Do Them and Your Business A Favor

    A former Army psychiatrist thinks companies often hire veterans for the wrong reasons, leading to bad results for both the businesses and the veterans. Dr. Harry Croft, co-author of Always Sit With My Back to The Wall and a former Army psychiatrist who has been working with veterans since 1973, argues that the best reason to hire veterans is for their skills.

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  • What’s the Difference Between Performance & Proficiency?

    Just Rewards For Your Employees

    Here at PayScale, we often talk about compensation philosophies answering 3 main questions:

    • How do you define your market?
    • How competitive do you want to be relative to the market?
    • What do you want to reward?

    In working with clients, I find they know the answers to the first two questions within a heartbeat. The third question, however, often leads them to stumble and to look to me for guidance. What are the options? What should we reward? At that point, I have to dig in deeper to their organization.

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  • Use Data When Setting Raises, But Don't Stop There

    How the PayScale Index Fits Into Raise Planning

    Some high level strategic thinking and data gathering must happen before raises can be given out. From following inflation and local market rate shifts, to considering business goals and budget constraints, HR professionals must be extra hard working and efficient with their time to pull off smart merit increases. How can all of the information gathering be simplified? When do you have enough input to make a smart decision?

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  • A Way Around the Pay Gap?

    Should You Tell Your Applicants About Your Pay Ranges?

    Being interviewed for a documentary on the gender pay gap inspired one woman to construct legislation designed to eliminate it. Blogger Katie Donovan has proposed the Salary Disclosure to Promote Equality Act with the aim of leveling the playing field for employers and employees in the salary negotiation  process. What does that legislation say and how could it affect employers?

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  • In the Talent Wars, Compensation Matters. So Does Communication.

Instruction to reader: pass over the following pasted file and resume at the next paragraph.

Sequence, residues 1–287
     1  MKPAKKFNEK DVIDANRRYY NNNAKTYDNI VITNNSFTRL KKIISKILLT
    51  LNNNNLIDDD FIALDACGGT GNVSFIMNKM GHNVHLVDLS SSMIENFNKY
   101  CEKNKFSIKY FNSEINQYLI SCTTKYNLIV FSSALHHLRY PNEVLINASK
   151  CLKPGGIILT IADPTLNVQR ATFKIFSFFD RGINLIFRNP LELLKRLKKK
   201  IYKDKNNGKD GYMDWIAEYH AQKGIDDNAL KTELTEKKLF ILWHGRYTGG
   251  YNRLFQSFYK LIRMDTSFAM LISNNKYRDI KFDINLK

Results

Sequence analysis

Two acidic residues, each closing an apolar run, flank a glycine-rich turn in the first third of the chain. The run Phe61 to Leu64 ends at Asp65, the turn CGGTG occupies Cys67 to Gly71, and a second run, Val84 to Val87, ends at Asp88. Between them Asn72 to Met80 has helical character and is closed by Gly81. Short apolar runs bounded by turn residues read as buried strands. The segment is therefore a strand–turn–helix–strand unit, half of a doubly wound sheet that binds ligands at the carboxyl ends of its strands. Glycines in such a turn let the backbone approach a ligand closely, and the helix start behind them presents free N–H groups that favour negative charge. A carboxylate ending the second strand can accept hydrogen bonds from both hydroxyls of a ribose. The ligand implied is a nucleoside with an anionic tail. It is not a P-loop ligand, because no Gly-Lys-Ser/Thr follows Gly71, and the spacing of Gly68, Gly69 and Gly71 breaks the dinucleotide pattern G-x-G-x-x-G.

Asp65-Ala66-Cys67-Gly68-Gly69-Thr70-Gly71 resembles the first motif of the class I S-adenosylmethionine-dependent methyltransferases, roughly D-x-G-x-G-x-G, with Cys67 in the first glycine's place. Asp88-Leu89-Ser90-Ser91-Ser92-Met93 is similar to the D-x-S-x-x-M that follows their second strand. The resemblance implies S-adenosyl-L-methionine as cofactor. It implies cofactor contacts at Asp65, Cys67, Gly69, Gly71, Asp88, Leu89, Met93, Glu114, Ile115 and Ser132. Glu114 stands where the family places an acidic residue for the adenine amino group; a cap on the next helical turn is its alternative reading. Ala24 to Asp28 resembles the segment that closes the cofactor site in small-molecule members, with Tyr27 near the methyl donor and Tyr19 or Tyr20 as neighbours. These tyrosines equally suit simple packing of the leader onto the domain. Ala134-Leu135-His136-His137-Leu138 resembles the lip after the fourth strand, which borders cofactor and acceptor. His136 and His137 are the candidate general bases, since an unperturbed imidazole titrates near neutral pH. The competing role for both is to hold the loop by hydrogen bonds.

Real Life Lessons From VerticalResponse

    By Tim Low, PayScale.com

    The PayScale Talent Wars event series hit San Francisco last week. Among other speakers, Kate Aughenbaugh, Director of HR at VerticalResponse, a Bay Area marketing and social media platform company, spoke about her experiences working with PayScale to implement a compensation strategy. 

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  • Managing Employee Pay with Ranges

    Options For Handling Outliers

    By Mykkah Herner, MA, CCP, Compensation Consultant at PayScale

    You've just finished benchmarking all your jobs. You’ve established some ranges for your positions. Maybe you even have a structure, with grades, to which you’ve assigned each position. You’re ahead of the game, with most of your work is behind you, right? Well, yes and no. Inevitably some employees will fall below your range, and some may fall above. Now it's time to manage employee pay based on the ranges you’ve developed.

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  • The PayScale Index: Which Jobs Do Best?

    Is Your Job One of the Winners?

    By Tripp Ritter, PayScale

    Earlier this week, we saw that The PayScale Index revealed major differences in wage growth among metros. Hold on to your hats, because the differences in wage growth among jobs is even more stark. The leading job's wages raced ahead nearly 10% since 2006. The last place job did so poorly that it has lower wages than in 2006! You can find all the details in the The PayScale Index, but we also have an infographic showing the top and bottom three. Find out how your job fared in the past few years.